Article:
Contamination Sensitivity Among Children and Adults in Rural Uganda

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Abstract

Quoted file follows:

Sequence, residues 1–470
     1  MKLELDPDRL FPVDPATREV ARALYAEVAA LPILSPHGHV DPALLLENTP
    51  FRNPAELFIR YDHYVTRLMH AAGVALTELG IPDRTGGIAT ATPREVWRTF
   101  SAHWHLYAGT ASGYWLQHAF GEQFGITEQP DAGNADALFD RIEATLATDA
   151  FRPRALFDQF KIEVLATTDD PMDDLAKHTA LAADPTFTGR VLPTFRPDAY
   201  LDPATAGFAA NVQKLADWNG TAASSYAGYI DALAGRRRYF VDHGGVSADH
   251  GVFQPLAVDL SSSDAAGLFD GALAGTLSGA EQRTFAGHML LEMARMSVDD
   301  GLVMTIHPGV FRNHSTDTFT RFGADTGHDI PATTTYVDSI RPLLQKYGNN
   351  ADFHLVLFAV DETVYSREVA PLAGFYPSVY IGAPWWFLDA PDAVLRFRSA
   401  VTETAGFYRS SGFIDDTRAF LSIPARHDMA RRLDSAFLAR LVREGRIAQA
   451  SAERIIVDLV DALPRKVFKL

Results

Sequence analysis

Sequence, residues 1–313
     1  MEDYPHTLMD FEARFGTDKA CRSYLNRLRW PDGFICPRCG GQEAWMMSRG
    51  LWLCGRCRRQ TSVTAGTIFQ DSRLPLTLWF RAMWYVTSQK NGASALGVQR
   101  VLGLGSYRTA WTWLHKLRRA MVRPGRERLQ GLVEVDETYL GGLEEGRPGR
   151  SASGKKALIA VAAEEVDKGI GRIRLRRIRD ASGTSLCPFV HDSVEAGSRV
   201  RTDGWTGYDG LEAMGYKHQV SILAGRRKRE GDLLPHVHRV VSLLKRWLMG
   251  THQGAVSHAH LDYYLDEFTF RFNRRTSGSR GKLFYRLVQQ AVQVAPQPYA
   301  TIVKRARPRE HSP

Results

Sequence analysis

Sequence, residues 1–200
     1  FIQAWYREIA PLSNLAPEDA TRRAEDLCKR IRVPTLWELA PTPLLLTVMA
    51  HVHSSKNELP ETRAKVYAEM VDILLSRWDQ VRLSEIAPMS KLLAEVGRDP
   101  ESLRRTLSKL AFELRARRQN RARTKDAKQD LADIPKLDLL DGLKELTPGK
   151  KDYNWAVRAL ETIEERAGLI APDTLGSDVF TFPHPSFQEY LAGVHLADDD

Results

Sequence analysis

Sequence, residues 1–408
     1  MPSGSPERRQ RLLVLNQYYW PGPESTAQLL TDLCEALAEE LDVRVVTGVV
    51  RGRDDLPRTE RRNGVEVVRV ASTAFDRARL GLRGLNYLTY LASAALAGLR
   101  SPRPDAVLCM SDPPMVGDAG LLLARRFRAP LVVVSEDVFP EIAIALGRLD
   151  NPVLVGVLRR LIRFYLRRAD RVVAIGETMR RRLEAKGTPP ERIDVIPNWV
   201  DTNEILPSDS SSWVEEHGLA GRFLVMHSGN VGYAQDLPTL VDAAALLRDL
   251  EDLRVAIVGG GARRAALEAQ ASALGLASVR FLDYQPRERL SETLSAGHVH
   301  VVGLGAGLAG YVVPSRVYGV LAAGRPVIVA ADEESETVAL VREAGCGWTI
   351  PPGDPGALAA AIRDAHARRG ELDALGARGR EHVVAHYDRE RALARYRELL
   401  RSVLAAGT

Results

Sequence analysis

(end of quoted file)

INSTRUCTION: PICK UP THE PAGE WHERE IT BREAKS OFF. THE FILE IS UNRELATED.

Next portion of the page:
Research on the development of contamination sensitivity, detecting when water or food is safe to consume, has been conducted mainly in western, industrialized settings. Little is known about it in the developing world where contamination is a significant health hazard. In this study, 48 children and adults (4 to 60 years of age) in rural Uganda were asked if 23 food and water items, shown in photographs or drawings and that varied in contamination status, would be safe to eat or drink. They were also interviewed about several of the photographs in more detail and asked how they learned about contamination. Analyses focused on age-group differences. Contamination knowledge, biological explanations of illness, and awareness of invisible contaminants (i.e., germs) were evident in all age-groups. The few age-related differences found pertained to water contamination and some vulnerabilities of young children (4–6-year-olds) were identified. Participants in all age-groups said they had been taught to avoid contaminated substances and how to handle food and water safely. Implications for health interventions in rural Uganda and similar areas of the developing world are discussed.

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